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P-traps vs. S-traps: What’s the Difference?

Drain traps like P-traps and S-traps keep sewer gases from entering your home or building by trapping a small amount of water in the drain line. This water keeps sewer gases and pests from entering the plumbing system as well. There are several types of drain traps: floor drain traps, gully traps, bottle traps, and grease traps. The most common are S-traps and P-traps.

What is an S-trap?

S-traps are a type of plumbing trap that blocks sewer gases in sinks and other plumbing fixtures. The S-shaped pipe configuration traps wastewater before it drains to the sewer line, creating a water seal that prevents gases from flowing up through the drain. P-traps were common in the early 20th century, though they are no longer in use. When a large amount of water flows through the S-trap, it can create too much suction and pull water out of the trap and leave it dry. The dry trap creates an air gap, drawing sewer gases into the building.

S-traps are no longer allowed in modern plumbing code. Most, if not all, jurisdictions in the United States have banned the use of S-traps in new construction, and any S-traps in older buildings are to be replaced by P-traps.

What is a P-trap?

A P-trap is a U-shaped piping configuration, similar to an S-trap. The drain collects water in the U portion, creating a barrier that prevents sewer gases from entering the building. The addition of a vented pipe prevents siphoning and the waste arm extension helps reduce suction in the drain.

P-traps are approved for all new plumbing installations. They don’t totally eliminate the chance of a dry trap, but there is less chance of this occurring with a P-trap than an S-trap. If a fixture isn’t used often, you may need to run water through it to refill the trap.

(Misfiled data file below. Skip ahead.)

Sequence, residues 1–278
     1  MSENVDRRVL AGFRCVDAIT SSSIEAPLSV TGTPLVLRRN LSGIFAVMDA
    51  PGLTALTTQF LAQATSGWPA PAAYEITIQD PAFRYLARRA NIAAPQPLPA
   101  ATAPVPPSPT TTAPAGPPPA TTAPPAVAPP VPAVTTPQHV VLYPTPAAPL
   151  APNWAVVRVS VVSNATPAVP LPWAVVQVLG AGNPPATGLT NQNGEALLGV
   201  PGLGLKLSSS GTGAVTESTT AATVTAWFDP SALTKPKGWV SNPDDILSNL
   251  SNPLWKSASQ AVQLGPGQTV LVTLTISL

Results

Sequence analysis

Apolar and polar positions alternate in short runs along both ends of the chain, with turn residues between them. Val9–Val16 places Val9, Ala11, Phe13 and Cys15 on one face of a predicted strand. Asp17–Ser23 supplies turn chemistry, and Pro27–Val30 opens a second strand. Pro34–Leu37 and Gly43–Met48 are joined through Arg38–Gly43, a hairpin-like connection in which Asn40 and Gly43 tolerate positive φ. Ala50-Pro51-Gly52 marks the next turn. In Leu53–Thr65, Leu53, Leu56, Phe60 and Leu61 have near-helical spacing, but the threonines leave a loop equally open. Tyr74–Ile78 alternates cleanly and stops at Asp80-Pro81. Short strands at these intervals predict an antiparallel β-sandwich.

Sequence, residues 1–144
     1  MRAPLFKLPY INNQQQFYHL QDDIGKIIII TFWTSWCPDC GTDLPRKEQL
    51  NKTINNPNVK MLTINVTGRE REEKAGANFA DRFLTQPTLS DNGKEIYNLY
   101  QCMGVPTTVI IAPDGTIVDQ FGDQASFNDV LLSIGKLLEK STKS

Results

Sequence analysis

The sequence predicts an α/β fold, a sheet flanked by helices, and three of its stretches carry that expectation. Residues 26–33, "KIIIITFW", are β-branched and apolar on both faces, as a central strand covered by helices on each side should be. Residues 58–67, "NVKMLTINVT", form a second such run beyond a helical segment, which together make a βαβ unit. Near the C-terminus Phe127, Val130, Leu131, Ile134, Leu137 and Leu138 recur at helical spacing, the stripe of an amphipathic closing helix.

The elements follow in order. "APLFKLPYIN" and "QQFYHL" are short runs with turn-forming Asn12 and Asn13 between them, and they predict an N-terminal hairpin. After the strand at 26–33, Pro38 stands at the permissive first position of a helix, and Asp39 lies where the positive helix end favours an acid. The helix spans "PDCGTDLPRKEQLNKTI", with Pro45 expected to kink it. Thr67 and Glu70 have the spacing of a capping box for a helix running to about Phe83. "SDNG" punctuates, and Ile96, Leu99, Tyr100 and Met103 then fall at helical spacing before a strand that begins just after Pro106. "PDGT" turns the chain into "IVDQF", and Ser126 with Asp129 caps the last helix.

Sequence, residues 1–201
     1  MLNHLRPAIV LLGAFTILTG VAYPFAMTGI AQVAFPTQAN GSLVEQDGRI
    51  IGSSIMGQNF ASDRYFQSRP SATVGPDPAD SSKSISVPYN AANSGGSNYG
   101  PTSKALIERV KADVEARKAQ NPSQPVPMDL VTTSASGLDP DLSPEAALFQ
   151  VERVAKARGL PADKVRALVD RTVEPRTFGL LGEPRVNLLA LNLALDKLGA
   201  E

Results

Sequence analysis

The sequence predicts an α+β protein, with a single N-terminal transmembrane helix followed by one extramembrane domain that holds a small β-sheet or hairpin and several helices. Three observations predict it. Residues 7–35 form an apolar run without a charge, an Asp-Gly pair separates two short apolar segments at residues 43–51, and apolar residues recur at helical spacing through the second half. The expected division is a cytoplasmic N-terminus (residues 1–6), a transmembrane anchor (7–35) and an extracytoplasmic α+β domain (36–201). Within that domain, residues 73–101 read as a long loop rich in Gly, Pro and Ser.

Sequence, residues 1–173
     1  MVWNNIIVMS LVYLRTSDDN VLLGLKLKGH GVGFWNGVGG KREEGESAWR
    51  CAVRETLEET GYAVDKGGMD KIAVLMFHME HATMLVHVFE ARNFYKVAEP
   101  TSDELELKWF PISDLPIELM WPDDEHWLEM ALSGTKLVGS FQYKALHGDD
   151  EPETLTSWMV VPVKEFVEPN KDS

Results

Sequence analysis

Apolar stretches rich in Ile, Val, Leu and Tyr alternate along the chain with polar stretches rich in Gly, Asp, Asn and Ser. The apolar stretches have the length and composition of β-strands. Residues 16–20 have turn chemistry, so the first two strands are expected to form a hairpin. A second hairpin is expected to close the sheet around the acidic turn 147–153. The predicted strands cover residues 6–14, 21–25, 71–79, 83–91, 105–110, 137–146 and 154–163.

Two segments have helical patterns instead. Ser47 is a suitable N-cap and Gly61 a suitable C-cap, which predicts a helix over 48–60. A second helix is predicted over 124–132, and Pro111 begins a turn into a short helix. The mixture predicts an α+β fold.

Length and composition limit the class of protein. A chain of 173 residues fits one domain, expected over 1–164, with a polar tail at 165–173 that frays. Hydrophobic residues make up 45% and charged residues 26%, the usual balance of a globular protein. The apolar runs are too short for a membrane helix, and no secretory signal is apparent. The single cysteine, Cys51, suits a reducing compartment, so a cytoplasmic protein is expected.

How to convert an S-trap to a P-trap

Most jurisdictions banned the S-trap from new plumbing installations several decades ago. S-traps drain too much water which leaves an air gap in the trap thereby allowing gasses to flow through the system. P-traps, which replaced S-traps, have a similar configuration with the addition of a vent and drain line. Converting an S-trap to a P-trap involves installing a vent pipe within AAV and a waste arm extension that connects the trap to the vent pipe and drain line. There are two parts to a P-trap conversion: vent piping and a waste arm extension.

  • The P-trap must tie into a vent pipe to prevent siphoning. If there isn’t a vent stack nearby, you can use an air admittance valve, or AAV. An AAV is a one-way valve that vents air in but doesn’t let sewer gas out. Install the AAV at the top of a short vent pipe near the fixture and be sure to place it above the level of the fixture’s drain.
  • The second step is adding a waste arm extension to the drain line. Its length needs to be two to 2 ½ times the diameter of the pipe to eliminate siphoning. For example, a 1 ½ inch pipe needs at least a 3 ¾-inch waste arm extension.
  • Once the waste arm and vent pipe are installed, the P-trap is connected to the fixture’s drain line, then to the waste arm connection. The waste arm connects to the vent and drain line via a wye connection.

MT Copeland offers video-based online classes that give you a foundation in construction fundamentals with real-world applications, like plumbing basics. Classes include professionally produced videos taught by practicing craftspeople, and supplementary downloads like quizzes, blueprints, and other materials to help you master the skills.

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Mary-Anne Bowcott

Mary-Anne Bowcott is a residential and commercial plumber, certified gas fitter, and owner of Westcom Plumbing and Gas Ltd. She received the 2016 and 2018 Sooke Region Chamber of Commerce Trades and Skilled Labour Excellence Award and the British Columbia Construction Industry Leadership Award in 2018. She was named Canadian Construction Association’s Person of the Year in 2019. A champion of women in the building trades, Mary-Anne mentors tradeswomen to help promote positive change within the industry. When she’s not running her business or tackling plumbing and roofing projects, you can find her rock climbing, exploring the outdoors, surfing, or crushing a CrossFit workout.

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